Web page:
III –  Facts and reference for a preliminary ruling

12.   The referring court has pending before it criminal proceedings against a nursery school teacher, Ms Pupino, who is charged with having, in January and February 2001, misused disciplinary measures against and injured children entrusted into her care.

13.   In August 2001, the Public Prosecutor’s Office applied to examine, by the special procedure of recording their evidence beforehand, eight children born in 1996 who are witnesses to and victims of the offences at issue in the criminal proceedings. It argued that, because of the tender age of the witnesses and the resulting inevitable alteration of their psychological state and because of a possible ‘process of psychological repression’, that evidence could not be repeated at the trial. It also requested that the evidence be taken under protected conditions, that is, in a special facility under conditions which would safeguard the children’s dignity, need for privacy and peace of mind, if necessary bringing in an expert in child psychology because of the sensitivity called for by the events in question and their significance and because of the difficulty of relating to the persons to be questioned because of their tender age.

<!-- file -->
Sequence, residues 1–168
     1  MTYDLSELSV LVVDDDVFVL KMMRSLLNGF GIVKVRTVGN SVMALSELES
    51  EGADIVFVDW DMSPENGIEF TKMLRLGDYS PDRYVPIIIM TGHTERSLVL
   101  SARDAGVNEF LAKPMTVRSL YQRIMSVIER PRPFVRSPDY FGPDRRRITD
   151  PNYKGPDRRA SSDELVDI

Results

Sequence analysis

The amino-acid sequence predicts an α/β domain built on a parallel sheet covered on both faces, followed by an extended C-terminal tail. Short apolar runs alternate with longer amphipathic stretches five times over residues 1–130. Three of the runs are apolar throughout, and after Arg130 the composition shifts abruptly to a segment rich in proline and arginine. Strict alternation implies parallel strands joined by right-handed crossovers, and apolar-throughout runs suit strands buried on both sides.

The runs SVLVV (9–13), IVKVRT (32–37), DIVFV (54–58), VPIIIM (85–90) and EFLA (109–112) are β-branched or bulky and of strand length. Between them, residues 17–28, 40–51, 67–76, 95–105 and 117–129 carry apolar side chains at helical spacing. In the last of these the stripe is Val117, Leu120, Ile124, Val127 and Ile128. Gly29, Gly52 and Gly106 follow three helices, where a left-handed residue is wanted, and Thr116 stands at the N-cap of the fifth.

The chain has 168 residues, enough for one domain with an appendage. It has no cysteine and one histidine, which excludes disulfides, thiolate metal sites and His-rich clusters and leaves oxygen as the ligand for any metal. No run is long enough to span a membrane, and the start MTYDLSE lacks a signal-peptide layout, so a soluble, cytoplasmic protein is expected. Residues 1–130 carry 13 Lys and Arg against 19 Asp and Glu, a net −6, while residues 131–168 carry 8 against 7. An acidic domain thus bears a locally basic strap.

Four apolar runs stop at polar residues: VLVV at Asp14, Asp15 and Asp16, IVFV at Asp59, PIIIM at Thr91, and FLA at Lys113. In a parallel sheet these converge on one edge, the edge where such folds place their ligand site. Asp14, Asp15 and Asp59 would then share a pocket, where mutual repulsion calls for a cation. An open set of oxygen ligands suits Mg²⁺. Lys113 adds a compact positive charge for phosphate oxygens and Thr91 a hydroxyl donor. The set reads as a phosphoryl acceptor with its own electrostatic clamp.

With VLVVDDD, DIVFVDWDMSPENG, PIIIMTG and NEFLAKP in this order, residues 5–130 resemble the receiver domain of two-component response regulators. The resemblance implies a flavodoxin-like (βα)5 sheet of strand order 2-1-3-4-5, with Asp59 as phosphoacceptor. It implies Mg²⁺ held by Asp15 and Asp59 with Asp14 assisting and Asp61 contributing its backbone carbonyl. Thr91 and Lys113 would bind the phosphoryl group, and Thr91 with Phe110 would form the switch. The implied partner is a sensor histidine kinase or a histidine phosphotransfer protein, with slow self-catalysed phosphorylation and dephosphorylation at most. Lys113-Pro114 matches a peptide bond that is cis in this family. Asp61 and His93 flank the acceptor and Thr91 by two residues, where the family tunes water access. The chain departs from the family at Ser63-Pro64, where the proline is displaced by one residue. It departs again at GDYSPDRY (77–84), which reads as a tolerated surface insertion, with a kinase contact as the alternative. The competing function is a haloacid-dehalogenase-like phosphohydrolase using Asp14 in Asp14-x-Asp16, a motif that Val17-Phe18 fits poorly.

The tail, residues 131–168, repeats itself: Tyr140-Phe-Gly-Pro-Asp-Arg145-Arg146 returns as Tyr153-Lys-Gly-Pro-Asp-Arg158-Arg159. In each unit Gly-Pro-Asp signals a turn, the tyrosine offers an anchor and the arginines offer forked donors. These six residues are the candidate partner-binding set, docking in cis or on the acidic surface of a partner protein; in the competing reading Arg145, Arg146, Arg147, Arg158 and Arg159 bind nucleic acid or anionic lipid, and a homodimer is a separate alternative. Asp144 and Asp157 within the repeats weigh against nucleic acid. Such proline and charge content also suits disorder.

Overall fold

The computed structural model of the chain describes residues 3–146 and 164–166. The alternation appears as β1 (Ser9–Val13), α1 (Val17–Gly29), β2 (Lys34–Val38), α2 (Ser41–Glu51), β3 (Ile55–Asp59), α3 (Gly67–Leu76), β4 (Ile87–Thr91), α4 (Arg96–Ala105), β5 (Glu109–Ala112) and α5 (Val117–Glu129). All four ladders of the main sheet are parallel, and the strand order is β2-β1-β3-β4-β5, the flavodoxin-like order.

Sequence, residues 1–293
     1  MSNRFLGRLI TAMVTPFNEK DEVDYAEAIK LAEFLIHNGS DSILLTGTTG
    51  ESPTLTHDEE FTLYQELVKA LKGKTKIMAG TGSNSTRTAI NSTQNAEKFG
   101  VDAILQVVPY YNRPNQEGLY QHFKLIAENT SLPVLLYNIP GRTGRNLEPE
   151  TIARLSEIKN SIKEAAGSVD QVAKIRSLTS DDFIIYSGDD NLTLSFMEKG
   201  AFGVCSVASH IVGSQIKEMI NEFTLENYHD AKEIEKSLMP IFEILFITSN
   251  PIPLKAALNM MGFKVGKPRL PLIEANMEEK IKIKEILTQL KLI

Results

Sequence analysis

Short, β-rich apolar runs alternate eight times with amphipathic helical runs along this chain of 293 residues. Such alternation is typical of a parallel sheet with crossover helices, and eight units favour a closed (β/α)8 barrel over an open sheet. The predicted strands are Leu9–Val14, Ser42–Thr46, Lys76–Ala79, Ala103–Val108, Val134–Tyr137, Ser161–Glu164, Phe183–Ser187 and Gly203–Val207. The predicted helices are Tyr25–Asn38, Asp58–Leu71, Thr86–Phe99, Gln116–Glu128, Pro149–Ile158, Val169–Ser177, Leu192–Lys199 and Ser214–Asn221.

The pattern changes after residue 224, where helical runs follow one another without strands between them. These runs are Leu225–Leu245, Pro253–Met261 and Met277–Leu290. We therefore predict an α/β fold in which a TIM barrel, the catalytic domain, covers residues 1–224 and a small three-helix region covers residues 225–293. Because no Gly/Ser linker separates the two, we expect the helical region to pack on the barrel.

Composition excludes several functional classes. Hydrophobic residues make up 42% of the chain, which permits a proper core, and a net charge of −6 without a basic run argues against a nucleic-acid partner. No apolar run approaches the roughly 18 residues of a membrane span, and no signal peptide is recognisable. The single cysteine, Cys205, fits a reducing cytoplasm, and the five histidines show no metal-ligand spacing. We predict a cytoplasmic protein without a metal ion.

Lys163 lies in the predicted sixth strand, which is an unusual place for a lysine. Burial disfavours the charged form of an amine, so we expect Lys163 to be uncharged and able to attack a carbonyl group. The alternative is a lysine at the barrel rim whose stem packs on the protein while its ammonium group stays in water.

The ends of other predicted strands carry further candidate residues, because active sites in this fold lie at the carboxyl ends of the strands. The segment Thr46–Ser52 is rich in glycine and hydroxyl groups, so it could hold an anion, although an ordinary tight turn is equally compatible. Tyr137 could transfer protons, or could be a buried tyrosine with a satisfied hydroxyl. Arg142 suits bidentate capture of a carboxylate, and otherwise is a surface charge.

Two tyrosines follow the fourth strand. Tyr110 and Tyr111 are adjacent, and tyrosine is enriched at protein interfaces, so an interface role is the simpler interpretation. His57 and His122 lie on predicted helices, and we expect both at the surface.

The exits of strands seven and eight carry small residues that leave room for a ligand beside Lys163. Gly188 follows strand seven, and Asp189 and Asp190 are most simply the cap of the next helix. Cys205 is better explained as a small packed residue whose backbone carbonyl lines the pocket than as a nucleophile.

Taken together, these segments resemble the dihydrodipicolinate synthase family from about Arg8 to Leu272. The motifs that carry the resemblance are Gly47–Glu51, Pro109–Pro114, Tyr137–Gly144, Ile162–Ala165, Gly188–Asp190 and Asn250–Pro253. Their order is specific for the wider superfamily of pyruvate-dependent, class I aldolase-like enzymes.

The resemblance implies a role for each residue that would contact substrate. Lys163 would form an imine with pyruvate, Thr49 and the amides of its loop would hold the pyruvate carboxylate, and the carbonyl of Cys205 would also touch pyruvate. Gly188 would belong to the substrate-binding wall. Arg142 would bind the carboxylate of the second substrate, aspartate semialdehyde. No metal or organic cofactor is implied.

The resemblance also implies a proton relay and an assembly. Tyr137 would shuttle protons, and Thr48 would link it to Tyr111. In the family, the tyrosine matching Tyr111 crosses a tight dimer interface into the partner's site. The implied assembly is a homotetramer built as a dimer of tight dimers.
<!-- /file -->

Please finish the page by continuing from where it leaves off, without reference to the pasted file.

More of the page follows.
14.   The defence opposed that application since there was no provision for taking evidence in that way in the case of the offences in question.

15.   The referring court takes the view that the application by the Public Prosecutor’s Office should be rejected, pursuant to the abovementioned provisions of Italian law of criminal procedure, since the recording of evidence beforehand, as an instrument for taking evidence at an earlier stage than the trial, is a procedural mechanism which is absolutely exceptional in character and cannot be used in situations other than those specified by law.